Developing a Unique Drawing Style.
Art – Developing a Unique Drawing Style.
Louie: It’s him all right. Should I shoot him gangland style or execution style?
Fat Tony: Listen to your heart.
Drawing styles is what separates artists from one another. Even when some artists copy each others styles, they aren’t exactly the same.
Styles are important enough that artists are more or less successful, sometimes, on style alone.
So a lot of developing artists are in a HUGE rush to get one. To find the style that will “make them somebody.”
I think this is the wrong way to think. I think worrying about style is a waste of time.
Today, I’m going to be talking about drawing styles.
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I think I have a style. I’m not sure, but I might. If I do, I didn’t develop it, create it, or go out of my way to make it.
As animators we’re not trained to have a style. We’re not really supposed to have a style. We’re supposed to be chameleons of style. We are trained to emulate ALL styles.
In the animation industry, I would even go so far as to say that, having a style might be a detriment. I would say, that this might also be true with artists in general. If you only have one style, you’re shooting yourself in the foot.
I think it’s better to be a good draftsman and draw well, then to have a style. What style actually is, is your favorite short hand solutions to drawing problems. It’s how you want to draw knees or faces…it’s the way you want to express certain things.
It’s something unique to you, and it just happens.
When you study a lot of academics, artists, and drawing solutions, the amalgam of all that work develops into your voice. Your style will develop without you trying hard. It will just happen.
Style is just you’re go to solutions. That thing you always do.
People will say,
“You always make one eye bigger than the other. You always draw eyebrows like that,” and you’ll say,
“Because that’s what I like,” and that’s what’s going to end up happening. Your style will begin to develop naturally.
The problem is that the people who don’t know how to draw as good as they want, are the people that want to skip to style right away.
Develop your draftsmanship FIRST. Then you’re style will develop naturally. It will just happen, because you will develop short hand solutions.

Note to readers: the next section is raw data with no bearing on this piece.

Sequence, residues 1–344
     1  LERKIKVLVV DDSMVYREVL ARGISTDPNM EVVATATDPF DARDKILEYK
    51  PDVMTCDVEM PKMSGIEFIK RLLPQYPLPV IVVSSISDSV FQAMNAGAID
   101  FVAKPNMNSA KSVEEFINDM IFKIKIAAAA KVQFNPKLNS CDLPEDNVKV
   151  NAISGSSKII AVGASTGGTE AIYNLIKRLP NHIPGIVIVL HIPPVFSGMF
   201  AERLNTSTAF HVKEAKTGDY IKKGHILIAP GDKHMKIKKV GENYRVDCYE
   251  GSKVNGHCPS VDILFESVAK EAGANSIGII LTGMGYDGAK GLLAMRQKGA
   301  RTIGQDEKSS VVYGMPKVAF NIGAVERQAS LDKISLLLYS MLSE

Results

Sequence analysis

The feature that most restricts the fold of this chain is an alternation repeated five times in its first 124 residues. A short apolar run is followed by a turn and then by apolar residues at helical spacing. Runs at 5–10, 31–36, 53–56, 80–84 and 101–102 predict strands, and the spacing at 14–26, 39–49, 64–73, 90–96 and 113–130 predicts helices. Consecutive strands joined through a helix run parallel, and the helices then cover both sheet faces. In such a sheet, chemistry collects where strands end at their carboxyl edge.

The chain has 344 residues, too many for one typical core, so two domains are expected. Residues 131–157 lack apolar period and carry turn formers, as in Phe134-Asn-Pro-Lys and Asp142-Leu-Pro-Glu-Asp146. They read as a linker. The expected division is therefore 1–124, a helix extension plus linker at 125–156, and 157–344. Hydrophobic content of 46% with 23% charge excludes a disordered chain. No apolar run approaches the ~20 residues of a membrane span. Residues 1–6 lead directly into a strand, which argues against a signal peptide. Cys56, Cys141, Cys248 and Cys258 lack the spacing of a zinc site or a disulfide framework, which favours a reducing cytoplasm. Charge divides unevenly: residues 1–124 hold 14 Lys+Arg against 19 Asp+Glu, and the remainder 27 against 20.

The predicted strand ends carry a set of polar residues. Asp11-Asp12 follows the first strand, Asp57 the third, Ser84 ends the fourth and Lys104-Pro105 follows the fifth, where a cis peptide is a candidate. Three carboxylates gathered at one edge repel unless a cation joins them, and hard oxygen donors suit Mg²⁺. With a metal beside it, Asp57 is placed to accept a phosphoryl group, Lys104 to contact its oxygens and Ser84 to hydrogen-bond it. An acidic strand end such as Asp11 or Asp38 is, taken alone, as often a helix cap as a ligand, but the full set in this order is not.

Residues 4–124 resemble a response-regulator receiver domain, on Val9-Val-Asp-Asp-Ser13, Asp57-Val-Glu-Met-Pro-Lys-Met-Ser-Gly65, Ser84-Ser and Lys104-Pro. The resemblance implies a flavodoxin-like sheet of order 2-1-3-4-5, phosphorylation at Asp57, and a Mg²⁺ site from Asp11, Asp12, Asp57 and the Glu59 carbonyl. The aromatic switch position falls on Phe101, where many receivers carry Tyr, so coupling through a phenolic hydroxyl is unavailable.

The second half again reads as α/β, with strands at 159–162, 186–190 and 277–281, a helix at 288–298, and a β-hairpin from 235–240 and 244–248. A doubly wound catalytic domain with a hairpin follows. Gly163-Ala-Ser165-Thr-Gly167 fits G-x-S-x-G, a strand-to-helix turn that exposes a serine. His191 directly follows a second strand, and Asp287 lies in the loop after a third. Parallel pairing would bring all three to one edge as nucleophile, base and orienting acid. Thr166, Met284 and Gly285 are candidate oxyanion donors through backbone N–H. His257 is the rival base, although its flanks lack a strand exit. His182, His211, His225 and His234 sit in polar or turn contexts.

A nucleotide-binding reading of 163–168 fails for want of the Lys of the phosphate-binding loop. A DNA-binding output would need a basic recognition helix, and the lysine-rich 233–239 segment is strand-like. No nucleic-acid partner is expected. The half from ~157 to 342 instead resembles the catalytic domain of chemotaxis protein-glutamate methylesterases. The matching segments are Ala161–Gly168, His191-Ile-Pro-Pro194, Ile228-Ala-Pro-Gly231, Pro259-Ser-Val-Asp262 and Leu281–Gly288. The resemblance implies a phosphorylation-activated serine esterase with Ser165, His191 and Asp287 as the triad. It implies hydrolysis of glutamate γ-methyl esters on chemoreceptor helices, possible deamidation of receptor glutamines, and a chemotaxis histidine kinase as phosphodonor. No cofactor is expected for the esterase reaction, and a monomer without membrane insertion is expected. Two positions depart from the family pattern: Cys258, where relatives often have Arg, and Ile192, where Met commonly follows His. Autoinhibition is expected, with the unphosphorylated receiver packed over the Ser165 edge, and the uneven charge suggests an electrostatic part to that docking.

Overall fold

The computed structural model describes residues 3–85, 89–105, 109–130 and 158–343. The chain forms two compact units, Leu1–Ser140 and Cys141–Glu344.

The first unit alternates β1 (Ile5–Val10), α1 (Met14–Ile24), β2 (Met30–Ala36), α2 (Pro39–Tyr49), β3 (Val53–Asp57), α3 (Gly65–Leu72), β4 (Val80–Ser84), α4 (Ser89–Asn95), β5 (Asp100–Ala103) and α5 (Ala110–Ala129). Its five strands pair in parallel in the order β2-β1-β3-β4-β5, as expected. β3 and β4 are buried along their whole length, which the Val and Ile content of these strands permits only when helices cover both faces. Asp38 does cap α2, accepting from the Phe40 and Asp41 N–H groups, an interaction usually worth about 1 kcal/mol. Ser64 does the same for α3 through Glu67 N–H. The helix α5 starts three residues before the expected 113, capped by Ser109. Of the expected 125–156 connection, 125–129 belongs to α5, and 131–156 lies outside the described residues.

Mastery of All Styles
I would even go so far as to say, that even when you develop a style, break from it. Try other styles. Do other things. Try emulating other people’s styles. Be a style chameleon. Don’t be pigeon holed.
Be able to do any style. From realistic to cartoony.
For example, if you look at someone like Frank Frazetta, he has some very “realistic” paintings. His style is very naturalistic. That’s what everyone sees when you google him. It’s these beautiful fantasy paintings:
The thing is, he was an incredible draftsman. Yet, he was also a fantastic cartoonist. He was able to draw the “Looney Tunes” style, perfectly. You would have never guessed it was him if you saw them:
For more of these cartoony Frazetta comics, visit Sherm Cohen’s blog.
When I first saw his cartoony stuff, I thought to myself,
“That’s Frank Frazetta? Really? That’s fantastic!” I wouldn’t have known.
He was really really versatile. Style didn’t matter. His draftsmanship skills where so good, he could do anything.
THAT’S what you want.
The Handy Cap of Style
You don’t want to pigeon hole yourself into one style. What happens when your style goes out of style? When no one wants “your style?”
Well, then you’re out of a job. You’re a one trick pony. Don’t do that to yourself.
Be a style chameleon. Be able to do draw anything in any style. The only way to do this, is to really work at developing your draftsmanship skills and master drawing.
That’s what I would recommend when it comes to style.
So what do you think? Leave a comment. Did you like what I said, do you disagree?
Drawing a Limited Edition Serigraph Cel
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